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Milk Grotto and The Church of Catherine: Refuge From the Slaughter of the Innocents and Their Tomb

This grotto, with a Franciscan chapel built above it, is considered sacred because tradition has it that the Holy Family took refuge here during the Slaughter of the Innocents, before their flight into Egypt. Tradition has it that while Mary was nursing Jesus here, a drop of milk fell to the ground, turning it white.

MILK GROTTO AND THE CHURCH OF ST. CATHERINE: REFUGE FROM THE SLAUGHTER OF THE INNOCENTS AND THEIR TOMB

Milk Grotto and the Church of St. Catherine are two holy places in Jerusalem connected with the nativity of Christ. Milk Grotto was the refuge of the Holy Family from the wrath of King Herod – Slaughter of the Innocents. The tomb of the infants killed was located at the Chapel of the Innocents in the Church of St. Catherine.

The Church of Nativity is the traditional site of the birthplace of Jesus Christ.

THE MILK GROTTO

The Milk Grotto (Magharet Sitti Mariam, "Grotto of the Lady Mary") is a serene grotto only a few minutes' walk from Manger Square in Bethlehem.

This grotto, with a Franciscan chapel built above it, is considered sacred because tradition has it that the Holy Family took refuge here during the Slaughter of the Innocents, before their flight into Egypt. Tradition has it that while Mary was nursing Jesus here, a drop of milk fell to the ground, turning it white.

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ENTRANCE OF THE MILK GROTTO

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STAIRS INTO THE MILK GROTTO

The irregularly shaped grotto is hollowed out of the soft white rock. A church was built here by the 5th century, and mosaic fragments on the terrace of the grotto, with geometrical motifs and crosses, are thought to belong to this time.

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THE ALTAR

Both Christians and Muslims believe scrapings from the stones in the grotto boost the quantity of a mother's milk and enhance fertility. Mothers usually mix it in their drinking water; would-be mothers place the rock under their mattress.

There is also an old tradition that identifies this as the burial site of the young victims of Herod's Slaughter of the Innocents. There is a chapel dedicated to them in the caves beneath the Church of St. Catherine.

CHURCH OF ST. CATHERINE

Church of St. Catherine is a Catholic Church and Franciscan monastery connected to the mostly Orthodox Church of the Nativity in Bethlehem.

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STATUE OF ST. CATHERINE OF ALEXANDRIA

The church is said to be built on the site of Christ's appearance to St. Catherine of Alexandria and his prediction of her martyrdom (c.310 AD). She is buried on Mt. Sinai.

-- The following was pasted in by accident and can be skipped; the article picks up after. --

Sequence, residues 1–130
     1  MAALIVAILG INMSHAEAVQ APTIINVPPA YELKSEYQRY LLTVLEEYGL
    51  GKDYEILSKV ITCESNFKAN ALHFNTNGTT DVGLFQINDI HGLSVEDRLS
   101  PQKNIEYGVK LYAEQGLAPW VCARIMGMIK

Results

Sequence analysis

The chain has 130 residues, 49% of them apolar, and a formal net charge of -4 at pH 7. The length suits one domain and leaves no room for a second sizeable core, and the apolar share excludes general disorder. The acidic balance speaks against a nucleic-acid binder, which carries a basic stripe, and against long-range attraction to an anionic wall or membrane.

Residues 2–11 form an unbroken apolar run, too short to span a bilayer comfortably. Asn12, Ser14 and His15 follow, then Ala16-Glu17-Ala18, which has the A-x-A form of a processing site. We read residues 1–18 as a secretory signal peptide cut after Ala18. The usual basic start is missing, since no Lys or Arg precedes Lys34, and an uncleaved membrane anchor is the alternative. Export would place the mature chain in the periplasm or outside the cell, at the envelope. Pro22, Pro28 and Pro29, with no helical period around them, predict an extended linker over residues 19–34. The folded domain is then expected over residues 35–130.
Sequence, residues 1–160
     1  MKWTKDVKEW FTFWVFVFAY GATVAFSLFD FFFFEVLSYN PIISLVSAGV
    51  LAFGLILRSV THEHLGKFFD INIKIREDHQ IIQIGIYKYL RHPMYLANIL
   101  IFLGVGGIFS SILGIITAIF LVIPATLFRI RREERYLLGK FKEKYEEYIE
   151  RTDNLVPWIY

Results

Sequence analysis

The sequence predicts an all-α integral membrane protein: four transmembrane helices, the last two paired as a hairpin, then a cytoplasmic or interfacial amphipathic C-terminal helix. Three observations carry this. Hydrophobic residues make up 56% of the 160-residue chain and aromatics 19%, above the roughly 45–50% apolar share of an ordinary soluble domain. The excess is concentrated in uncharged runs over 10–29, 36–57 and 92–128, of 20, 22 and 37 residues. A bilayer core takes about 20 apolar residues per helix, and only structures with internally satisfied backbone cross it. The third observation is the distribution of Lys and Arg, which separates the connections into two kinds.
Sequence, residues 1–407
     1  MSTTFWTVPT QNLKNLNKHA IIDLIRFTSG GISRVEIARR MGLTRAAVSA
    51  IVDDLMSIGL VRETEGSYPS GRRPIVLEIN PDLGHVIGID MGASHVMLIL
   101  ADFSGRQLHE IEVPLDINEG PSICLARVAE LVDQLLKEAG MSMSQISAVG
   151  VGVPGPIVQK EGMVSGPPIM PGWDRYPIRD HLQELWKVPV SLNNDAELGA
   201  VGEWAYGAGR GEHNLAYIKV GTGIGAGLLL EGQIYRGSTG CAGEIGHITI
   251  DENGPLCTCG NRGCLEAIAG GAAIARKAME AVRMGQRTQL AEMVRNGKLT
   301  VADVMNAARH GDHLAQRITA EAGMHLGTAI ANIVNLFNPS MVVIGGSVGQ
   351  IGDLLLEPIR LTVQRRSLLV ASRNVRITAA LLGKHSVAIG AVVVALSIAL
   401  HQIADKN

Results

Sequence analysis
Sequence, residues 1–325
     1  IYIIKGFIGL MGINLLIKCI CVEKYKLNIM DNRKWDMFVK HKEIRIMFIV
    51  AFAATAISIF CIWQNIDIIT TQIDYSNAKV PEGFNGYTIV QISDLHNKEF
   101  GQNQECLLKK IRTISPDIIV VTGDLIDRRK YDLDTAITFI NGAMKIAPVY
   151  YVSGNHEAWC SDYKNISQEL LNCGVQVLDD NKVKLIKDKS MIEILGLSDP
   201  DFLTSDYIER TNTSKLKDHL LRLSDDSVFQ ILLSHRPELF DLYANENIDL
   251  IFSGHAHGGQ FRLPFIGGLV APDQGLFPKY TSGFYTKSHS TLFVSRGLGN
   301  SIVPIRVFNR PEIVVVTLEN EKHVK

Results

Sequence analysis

The church is first recorded in the 15th century and may incorporate the chapter house of the 12th-century Crusader monastery that stood on the site. Traces of a 5th-century monastery associated with St. Jerome also exist here.

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STATUE OF ST. JEROME

St. Catherine's Church was enlarged in 1881 with funds from the Emperor of Austria.

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STAINED GLASS OF NATIVITY OVER THE ENTRANCE TO ST. CATHERINE CHURCH

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ENTRANCE TO THE FRANCISCAN MONASTERY

The modern basilica has three aisles. To the north and west is the active Franciscan monastery. Outside the west door of the church is a pleasant cloister, restored in 1948 by A. Barluzzi using columns and capitals of the 12th-century monastery. The cloister includes a modern statue of St. Jerome; the church facade is topped with a statue of St. Catherine.

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THE TOMB OF ST. JEROME

Just to the right upon entering the church, steps descend to more caves beneath the Church of the Nativity. Here rock cuttings and ancient tombs with various modern additions commemorate various people and traditions:

• Chapel of the Innocents - the tomb of infants slain by Herod the Great (Matt. 2:16)

• Chapel of St. Joseph - dedicated to the husband of Mary

• Tombs of the St. Paula and her daughter Eustochium, who made a pilgrimage with Jerome c.485 and later settled in Bethlehem

• Tomb of St. Jerome, a church father from Italy who translated the Bible into Latin (the Vulgate)

• Study of St. Jerome, where Jerome is said to have written and worked on his translation

• Tomb of Eusebius - Jerome successor as head of the monastery

It is unlikely that these locations are authentic, although Paula, Eustochium and Jerome are known to be buried somewhere in the caves beneath the Church of the Nativity.

Reference:

Milk Grotto, Bethlehem - Atlas Tours

St. Catherine of Alexandria - Catholic Encyclopedia

http://www.sacred-destinations.com/israel/bethlehem-milk-grotto.htm

http://www.sacred-destinations.com/israel/bethlehem-st-catherine.htm

St. Jerome - Catholic Encyclopedia

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Comments (2)

Ron, you are obviously a very well learned man. Have you been to these remarkable places yourself? Wonderful writing...I'm out of votes although I don't know how...I haven't voted for anyone today...thank you once again.

I haven't been in these places before, but I have been doing heavy research since my school days, thanks a lot Beverly.

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